So one day everything is just great; you’re playing bass, your chops have improved, and you’re really getting somewhere. Then you find a cool song you want to learn, but it’s in another tuning. No problem; just tune down, right?
Only when you do, you start getting fret buzz. Easy fix; tune back up. But then when you tune back up, the buzz is still there. What’s worse, the buzz has spread from one fret to three frets.
Before you learn how to fix it, you need to know why your frets are buzzing in the first place.
Well that’s easy, it’s because I lowered my tuning.
Now quite. Fret buzzing is caused by frets rubbing against the fret wire, which in turn dampens the note and causes the buzzing effect. This means one of two things; your action is too low, or your neck is bowed.
Since we were discussing tuning as the source of the issue earlier, we’ll discuss the action problem first. Strings have gauges. Most string gauges (some seem pretty randomly chosen) are set together for a purpose; they work with a specific tuning.
Each gauge gives a certain amount of tension. Each tuning needs a certain amount of tension. This is created by either thicker gauges strings, or higher action. The lower the tuning, the more tension you will need to make the notes ring out properly.
That being said, the best way to discover what string gauges you require for a chosen tuning is to an online string tension calculator. This doesn’t mean that every time you change tunings, you need to change strings though; it means you will need to adjust the bridge to compensate.
The most common string height (measured at the twelfth fret of your fret board) is 5/64”. For bass guitarists who stay in a specific tuning and have proper gauged strings, a height of 6/64” is attainable to compensate for a light touch and allow speed runs to be a bit ‘easier.’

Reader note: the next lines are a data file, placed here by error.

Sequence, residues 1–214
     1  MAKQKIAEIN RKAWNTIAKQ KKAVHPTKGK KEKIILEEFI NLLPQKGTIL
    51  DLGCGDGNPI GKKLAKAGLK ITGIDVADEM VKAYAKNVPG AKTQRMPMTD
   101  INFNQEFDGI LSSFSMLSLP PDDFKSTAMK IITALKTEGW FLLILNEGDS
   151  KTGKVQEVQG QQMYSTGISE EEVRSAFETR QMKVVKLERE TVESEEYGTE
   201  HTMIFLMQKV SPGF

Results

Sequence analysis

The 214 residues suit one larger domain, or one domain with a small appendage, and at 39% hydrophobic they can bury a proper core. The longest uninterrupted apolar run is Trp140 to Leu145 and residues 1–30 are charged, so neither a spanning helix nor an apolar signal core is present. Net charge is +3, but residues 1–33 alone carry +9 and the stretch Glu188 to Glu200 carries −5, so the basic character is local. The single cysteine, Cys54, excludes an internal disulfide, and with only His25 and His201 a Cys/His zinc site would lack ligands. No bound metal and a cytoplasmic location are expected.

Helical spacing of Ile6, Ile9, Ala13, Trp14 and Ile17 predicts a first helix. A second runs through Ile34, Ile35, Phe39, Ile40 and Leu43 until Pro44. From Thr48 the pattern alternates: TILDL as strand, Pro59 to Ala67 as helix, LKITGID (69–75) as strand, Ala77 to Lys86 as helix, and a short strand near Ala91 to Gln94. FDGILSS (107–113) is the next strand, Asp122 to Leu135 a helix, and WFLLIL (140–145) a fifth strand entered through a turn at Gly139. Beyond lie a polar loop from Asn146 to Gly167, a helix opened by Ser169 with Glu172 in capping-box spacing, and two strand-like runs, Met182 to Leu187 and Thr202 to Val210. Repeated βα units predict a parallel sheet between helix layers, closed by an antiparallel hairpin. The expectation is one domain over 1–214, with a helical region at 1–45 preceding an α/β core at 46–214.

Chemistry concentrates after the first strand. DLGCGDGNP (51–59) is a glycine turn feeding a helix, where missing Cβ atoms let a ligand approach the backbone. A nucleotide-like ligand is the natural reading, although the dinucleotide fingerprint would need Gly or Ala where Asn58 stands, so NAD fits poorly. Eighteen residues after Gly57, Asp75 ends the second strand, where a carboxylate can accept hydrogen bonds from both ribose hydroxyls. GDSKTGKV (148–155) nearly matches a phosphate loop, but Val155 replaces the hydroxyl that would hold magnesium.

This means, once you change tuning you should adjust your string height. Although it will not create buzzing, it is also best to re-intonate your bass guitar as well, as the new tuning will throw your old intonation off.
Now let’s say you didn’t change tuning, but picked up your bass guitar to find that your strings are buzzing. Look at your neck from a forty five degree angle. You may notice a slight bend, or bow in it.
This is causing your string to rub the fret wire. To fix the bow, you would simply need to locate your truss rod (it will usually by right behind the nut). If your bass is bowed outwards, which means the middle of the neck is bowed towards the strings, simply loosen the truss rod. If the neck is dipping, simply tighten the truss rod.
As with all tightening, the same rules reply; lefty-loosey, righty-tighty. Never, under any circumstance, turn your truss rod more than a quarter rotation at a time –a little goes a long way, and you risk damaging the neck if you get carried away.
In the end, just be patient, and approach either job carefully. Good luck, and welcome to the buzz-free playing club.
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